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Why England Should support Welsh and Scottish Independence

At first glance this may seem preposterous. For many, the notion that England and Westminster should approve of divesting itself of the most loyal and longstanding servants of the Great British project is absurd.

It is time to question this belief? Just because something is longstanding or ‘has always been that way’, is no reason at all to assume that it is still the best way forward, more so given that the foundations upon which the union was built no longer hold sway.

It is certainly the case that Great Britain is far from being the powerful international force and wealthy nation it once was. 

This decline is apparent to all, as the UK plummets down the international wealth rankings and increasingly finds its voice side-lined, reduced to a squeak in the halls of global influence. 

Its decline and transformation underlined and defined for history by the death of its longest serving monarch, Elizabeth II, whose reign encompassed the slow post-war unravelling of Empire to the fast-moving Digital Age.

It is a decline evident in our daily lives as more and more hardworking professionals struggle to make ends meet in a country where per capita disposable income has hardly increased for 15 years. A fact which itself breaks the implicit understanding within a voluntary Union that cooperation is intended to improve the lot of all. The union is failing England, Scotland and Wales and its end will benefit us all.

Clearly, now is the time for reinvention. Now is the time to ask ourselves why we remain in this Union and how it serves our best interests?

Proponents of creative destruction must surely already be on board, what better way to revitalise the fortunes of a crumbling, decaying, vestige of Empire by breaking it apart? Tired assumptions can be broken to make room for innovations and to build anew with existing resources and energy.

For England to thrive it should cut Wales and Scotland loose, with a generous leg up to send them on their way, so that all three nations can grow and flourish together in partnership. A thriving island on the edge of Europe, culturally vibrant, innovative and creative - generating wealth for all of its inhabitants whilst also adding to the rich, cultural, diversity and wealth of Britain. 

Make no mistake, in this scenario Britain will still exist, just as it existed as ‘Prydain’ long before it became a single political entity. Let history come full circle and adapt the island of Britain to suit the era of instant global communication and connectivity born of the Digital Age.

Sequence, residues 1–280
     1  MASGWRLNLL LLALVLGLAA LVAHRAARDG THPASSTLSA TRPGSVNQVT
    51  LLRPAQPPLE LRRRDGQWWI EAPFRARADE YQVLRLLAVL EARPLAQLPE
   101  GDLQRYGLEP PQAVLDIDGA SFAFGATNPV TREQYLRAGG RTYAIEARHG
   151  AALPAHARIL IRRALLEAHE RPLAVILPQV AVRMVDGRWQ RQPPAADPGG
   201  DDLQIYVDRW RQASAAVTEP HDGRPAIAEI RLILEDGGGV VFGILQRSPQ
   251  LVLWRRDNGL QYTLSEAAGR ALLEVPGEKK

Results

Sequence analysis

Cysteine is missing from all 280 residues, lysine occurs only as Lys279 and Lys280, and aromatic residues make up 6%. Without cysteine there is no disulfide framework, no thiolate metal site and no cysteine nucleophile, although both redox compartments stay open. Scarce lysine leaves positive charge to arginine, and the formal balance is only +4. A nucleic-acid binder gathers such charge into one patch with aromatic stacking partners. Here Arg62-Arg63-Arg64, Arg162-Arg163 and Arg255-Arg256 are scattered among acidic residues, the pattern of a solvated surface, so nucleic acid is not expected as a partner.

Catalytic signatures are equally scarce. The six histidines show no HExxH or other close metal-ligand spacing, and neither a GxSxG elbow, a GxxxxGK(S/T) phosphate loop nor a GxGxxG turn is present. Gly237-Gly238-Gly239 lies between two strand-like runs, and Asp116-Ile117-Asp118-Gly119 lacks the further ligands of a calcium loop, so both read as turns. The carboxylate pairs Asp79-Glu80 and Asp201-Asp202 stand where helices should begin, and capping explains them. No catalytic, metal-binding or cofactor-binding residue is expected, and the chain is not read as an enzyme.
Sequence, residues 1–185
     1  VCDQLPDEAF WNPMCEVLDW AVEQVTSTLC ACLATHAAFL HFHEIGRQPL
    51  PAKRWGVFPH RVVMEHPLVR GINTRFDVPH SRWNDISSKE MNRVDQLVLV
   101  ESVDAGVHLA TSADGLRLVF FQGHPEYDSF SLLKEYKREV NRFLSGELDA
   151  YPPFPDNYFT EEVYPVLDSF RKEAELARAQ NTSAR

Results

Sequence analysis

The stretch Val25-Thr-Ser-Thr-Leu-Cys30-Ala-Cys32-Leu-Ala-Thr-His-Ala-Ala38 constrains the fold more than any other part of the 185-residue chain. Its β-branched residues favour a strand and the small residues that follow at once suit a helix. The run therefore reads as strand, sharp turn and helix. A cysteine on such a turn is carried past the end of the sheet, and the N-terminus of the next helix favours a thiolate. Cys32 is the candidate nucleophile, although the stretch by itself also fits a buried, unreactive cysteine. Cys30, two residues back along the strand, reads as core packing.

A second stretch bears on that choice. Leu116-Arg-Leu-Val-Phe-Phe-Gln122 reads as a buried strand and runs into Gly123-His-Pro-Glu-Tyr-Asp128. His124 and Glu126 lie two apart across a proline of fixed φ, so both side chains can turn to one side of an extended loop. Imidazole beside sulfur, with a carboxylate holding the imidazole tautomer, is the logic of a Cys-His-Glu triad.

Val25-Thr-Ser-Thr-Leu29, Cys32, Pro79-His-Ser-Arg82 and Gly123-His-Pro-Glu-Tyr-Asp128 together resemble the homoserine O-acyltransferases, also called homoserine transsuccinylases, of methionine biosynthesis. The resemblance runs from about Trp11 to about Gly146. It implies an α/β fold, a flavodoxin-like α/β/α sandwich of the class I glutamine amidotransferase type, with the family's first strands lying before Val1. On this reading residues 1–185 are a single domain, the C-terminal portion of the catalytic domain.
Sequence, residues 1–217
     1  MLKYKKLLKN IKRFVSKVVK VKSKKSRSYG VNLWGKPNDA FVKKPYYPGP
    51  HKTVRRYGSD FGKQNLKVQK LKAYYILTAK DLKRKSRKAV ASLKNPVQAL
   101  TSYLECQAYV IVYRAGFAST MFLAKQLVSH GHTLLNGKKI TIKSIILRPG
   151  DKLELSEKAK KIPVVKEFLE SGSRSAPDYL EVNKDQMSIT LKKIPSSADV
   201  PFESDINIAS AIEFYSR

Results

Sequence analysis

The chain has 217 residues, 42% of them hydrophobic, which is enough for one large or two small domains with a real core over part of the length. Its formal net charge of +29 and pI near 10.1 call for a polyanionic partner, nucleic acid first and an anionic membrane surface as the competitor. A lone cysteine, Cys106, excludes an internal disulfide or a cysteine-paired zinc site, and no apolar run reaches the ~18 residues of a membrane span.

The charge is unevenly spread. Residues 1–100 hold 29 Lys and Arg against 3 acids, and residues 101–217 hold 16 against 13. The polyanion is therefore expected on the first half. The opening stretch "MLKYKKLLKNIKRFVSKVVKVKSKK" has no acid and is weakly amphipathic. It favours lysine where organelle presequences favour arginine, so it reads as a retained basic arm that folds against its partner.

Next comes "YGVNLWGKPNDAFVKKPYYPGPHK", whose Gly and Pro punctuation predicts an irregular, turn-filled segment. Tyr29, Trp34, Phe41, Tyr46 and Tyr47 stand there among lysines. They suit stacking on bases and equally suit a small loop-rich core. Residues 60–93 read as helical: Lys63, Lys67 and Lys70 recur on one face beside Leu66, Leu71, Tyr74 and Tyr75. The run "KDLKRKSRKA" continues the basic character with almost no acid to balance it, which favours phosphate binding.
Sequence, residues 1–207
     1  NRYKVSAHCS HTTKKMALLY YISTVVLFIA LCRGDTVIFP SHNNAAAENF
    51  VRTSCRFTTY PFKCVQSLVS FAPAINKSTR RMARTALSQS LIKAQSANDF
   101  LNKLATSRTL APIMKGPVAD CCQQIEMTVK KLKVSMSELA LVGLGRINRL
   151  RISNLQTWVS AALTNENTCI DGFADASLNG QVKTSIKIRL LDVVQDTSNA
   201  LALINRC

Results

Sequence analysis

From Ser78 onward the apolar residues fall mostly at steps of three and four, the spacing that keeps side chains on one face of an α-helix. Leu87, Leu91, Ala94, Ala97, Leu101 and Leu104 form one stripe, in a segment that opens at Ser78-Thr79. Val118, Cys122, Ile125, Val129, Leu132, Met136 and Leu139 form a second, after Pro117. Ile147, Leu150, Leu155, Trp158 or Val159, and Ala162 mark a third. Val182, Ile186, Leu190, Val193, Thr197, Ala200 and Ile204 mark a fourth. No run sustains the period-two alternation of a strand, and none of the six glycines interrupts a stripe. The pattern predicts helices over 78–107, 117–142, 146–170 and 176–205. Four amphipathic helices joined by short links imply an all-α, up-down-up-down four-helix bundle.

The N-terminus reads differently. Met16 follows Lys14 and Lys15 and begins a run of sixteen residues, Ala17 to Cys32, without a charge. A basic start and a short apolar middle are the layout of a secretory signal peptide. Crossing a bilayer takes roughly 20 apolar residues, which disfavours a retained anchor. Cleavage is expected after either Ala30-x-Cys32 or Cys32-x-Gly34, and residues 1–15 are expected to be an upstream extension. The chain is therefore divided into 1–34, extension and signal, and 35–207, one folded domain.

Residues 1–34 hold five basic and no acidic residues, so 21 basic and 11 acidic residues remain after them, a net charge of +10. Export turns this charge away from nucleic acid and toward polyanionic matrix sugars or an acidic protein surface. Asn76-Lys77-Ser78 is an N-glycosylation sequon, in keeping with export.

The Union was forged to exploit and now should be consigned to history. Let England be a positive and proactive part of this change. In partnership rather than in union, Wales, Scotland and England can forge a new path for a modern, innovative, international Britain. Punching above its collective weight globally by being distinct and separate whilst geographically entwined and bound by centuries of shared history and culture.

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  • Gregory Foley
    commented 2023-01-26 20:34:20 +0000
    I have made the point to a number of people on a number of occasions that there are independent nations with slightly bigger, slightly smaller and much smaller populations than ours running their own affairs perfectly well without question nor outside interference. How is it then that Cymru, in their view, cannot? Responses range from total silence to angry Unionist ‘because we say so’ chunterings always as they walk away, the signal that admits they have lost the argument and that it is one they can never win.
  • Paul Robinson
    commented 2023-01-26 19:58:09 +0000
    A little over 100 years ago, the people of Norway (before it existed as a separate country) expressed a desire to become independent of Sweden. Apparently the Swedes thought this absurd, but basically agreed assuming that the Norwegians would soon be back with their tails between their legs! Many English people pooh-pooh the idea of Scottish or Welsh independence, and often go on to complain that neither country could survive without the constant support of Westminster, in which case why is England so opposed to Welsh and Scottish independence? One can only assume that it is about power, and perhaps this is even more important now to a class of people who are having to confront the rapid dwindling of once great power and influence referred to in this article. There’s almost no-one left to push around apart from the Welsh and the Scots!

    Scottish Independence rapidly gained support with the slogan “it’s our oil”; I would like to hear “it’s our rain and wind, and these are also our views”. these things can be shared fairly, or even paid for fairly, but they are not the divinely entitled property of people with money